Here we face a huge problem - most people who commit misconduct in sport do not feel that they have done wrong, they do not take themselves for those who have broken the rule or acted unethically. For them, the phrase "Sport is a field of equal opportunity" is viewed quite differently: they believe that they have equal opportunities in the use of illegal drugs, simulation and other things. An athlete can never be sure that his opponent is "clean". Nowadays, there are always various suspicions and speculations about athletes. And quite often this, rather than a simple desire to win at any cost, pushes an athlete to use a banned substance – he wants to have an equal opportunity with someone who has potentially used a banned drug, even if such athlete is not in the competition. This problem is demonstrated in the so-called "the dirtiest race in the history of sport" - the 100-meter race at the 1988 Seoul Olympics. 7 of the 8 participants of the race failed a doping test. This clearly demonstrates the very "culture" that Lance Armstrong was describing.

The problem of violence and aggression in sport is paradoxical, since, as some argue, aggression is a quality necessary in sport (especially at the highest levels); it is therefore not surprising that sport attracts aggressive people. At the same time, many argue that sport produces aggression in people. It is also important that acts of aggression in sport are not only permissible, but are enthusiastically welcomed by many fans. [5]

There are two types of aggression in sport – ‘hostile’ and ‘instrumental’. The first one is to harm the opponent for the sake of harm itself. The purpose of ‘instrumental’ aggression is the victory in a competition, recognition of the coach etc. [6] However, one should not confuse aggressiveness and assertiveness. If there is no intention to harm the opponent and the athlete uses legal means to achieve their goals, then this athlete is not aggressive, but assertive. The difference is that the intention, when a person is assertive, is to establish dominance rather than harm the opponent. [7]Spectators may also exhibit ‘hostile’ or ‘instrumental’ aggression when they insult or throw objects at an opposing team athlete. [8]

Thus, we have considered four major ethical issues in sport. All these issues are pressing and global, they must be addressed. The causes of these problems can be different - from the internal state of a person to the influence of external factors. However, all these reasons lead to unethical behavior in the sport. We are facing a global crisis against which certain measures must be taken.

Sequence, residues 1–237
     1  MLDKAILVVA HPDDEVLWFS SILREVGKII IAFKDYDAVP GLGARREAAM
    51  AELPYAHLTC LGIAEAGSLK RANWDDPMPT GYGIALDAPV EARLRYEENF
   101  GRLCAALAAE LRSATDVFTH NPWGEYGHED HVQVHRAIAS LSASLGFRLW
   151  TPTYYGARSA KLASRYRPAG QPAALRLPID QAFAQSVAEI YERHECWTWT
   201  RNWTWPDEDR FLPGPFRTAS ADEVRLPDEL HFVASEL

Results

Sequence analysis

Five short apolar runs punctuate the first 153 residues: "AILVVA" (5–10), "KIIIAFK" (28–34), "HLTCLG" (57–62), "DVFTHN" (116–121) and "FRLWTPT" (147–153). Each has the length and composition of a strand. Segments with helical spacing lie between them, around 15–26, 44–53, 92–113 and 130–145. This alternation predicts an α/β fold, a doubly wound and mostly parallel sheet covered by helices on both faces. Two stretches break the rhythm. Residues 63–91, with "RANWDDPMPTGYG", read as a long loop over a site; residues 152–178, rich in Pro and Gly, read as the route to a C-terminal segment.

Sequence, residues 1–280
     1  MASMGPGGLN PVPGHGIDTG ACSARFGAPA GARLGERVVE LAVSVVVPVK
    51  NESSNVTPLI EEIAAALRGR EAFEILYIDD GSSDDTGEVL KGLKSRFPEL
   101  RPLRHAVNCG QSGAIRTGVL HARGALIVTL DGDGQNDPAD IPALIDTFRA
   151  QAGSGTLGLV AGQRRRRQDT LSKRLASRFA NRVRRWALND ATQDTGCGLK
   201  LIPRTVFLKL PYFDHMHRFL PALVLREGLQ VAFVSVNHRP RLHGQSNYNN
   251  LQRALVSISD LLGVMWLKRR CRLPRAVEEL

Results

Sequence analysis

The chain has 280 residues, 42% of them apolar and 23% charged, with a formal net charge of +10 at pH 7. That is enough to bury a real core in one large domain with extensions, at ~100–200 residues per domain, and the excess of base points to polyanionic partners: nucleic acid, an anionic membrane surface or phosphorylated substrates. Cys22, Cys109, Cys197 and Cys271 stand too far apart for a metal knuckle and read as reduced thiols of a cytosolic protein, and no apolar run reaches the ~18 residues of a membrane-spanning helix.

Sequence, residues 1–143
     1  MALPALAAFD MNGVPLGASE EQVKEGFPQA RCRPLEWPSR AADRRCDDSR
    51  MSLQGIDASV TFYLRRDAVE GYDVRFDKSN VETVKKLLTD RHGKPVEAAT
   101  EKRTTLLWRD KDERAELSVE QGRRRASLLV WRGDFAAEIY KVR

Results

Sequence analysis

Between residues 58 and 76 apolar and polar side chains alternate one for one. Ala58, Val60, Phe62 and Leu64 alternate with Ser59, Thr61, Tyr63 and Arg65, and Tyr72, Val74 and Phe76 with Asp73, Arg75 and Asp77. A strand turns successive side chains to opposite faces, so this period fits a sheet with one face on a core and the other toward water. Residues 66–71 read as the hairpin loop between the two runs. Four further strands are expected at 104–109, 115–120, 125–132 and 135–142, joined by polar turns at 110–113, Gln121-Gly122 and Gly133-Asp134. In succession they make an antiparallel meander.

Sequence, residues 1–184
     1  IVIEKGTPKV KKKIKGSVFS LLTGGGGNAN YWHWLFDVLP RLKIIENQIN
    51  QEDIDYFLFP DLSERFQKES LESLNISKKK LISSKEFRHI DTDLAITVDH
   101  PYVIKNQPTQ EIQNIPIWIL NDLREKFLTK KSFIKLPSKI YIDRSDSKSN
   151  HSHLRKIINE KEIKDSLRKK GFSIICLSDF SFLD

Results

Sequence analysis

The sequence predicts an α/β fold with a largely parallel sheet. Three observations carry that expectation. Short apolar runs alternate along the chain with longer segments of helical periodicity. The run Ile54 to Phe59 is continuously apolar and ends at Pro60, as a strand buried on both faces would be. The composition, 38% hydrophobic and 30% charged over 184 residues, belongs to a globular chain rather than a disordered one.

Addressing ethical issues in sport

As mentioned earlier, match-fixing is a huge problem in modern sport. They are difficult to identify, especially in low-level competitions. Ways to solve problems must be through searching for their causes, and the sphere of sport is no exception. The most likely reasons for athletes to participate in match-fixing are financial difficulties and pressure from another player or other person. Match-fixing is an easy way to earn money, and players, despite the harsh punishment of a lifetime ban from participating in sports activities or even a term in prison, are willing to commit this act for the sake of financial well-being.

It is not possible to solve this problem from a financial point of view. In the lower leagues, players receive a small salary, and the solution to the problem of match-fixing will not be solved by increasing it, not only because the club owners will not accept it, but also because in some cases, participation in a single fixed match can bring a player more money than his salary for a few months. [9]

In 2017, Dr Deirdre O'Shea and Dr Tadhg MacIntyre from University of Limerick conducted a study that surveyed athletes on match-fixing. Of these athletes, 12% participated in a fixed match, 15% suspected that they had been involved in fixed match and another 15% percent confirmed that they had been offered to participate in a fixed match. [10]Moreover, the key issue is the lack of knowledge about the illegal nature of match-fixing and the intricacies of what constitutes a match-fixing. Nearly half of the players in the survey said they were not sufficiently aware of the betting rules or sharing insider information rules they were required to comply with. One in five survey participants mistakenly believed they could bet on an event they were taking part in. Professional athletes have noted that at the lower levels of sports competition, they had little awareness of the rules, risks and reporting procedures.

Therefore, in our view, athletes should take a science-based training course that can be used to educate athletes on this issue, which would help them to ensure their safety and eliminate their vulnerability to match-fixing. However, this does not completely prevent athletes from participating in such events, so awareness of the risks and penalties of participating in match-fixing is a mandatory next step.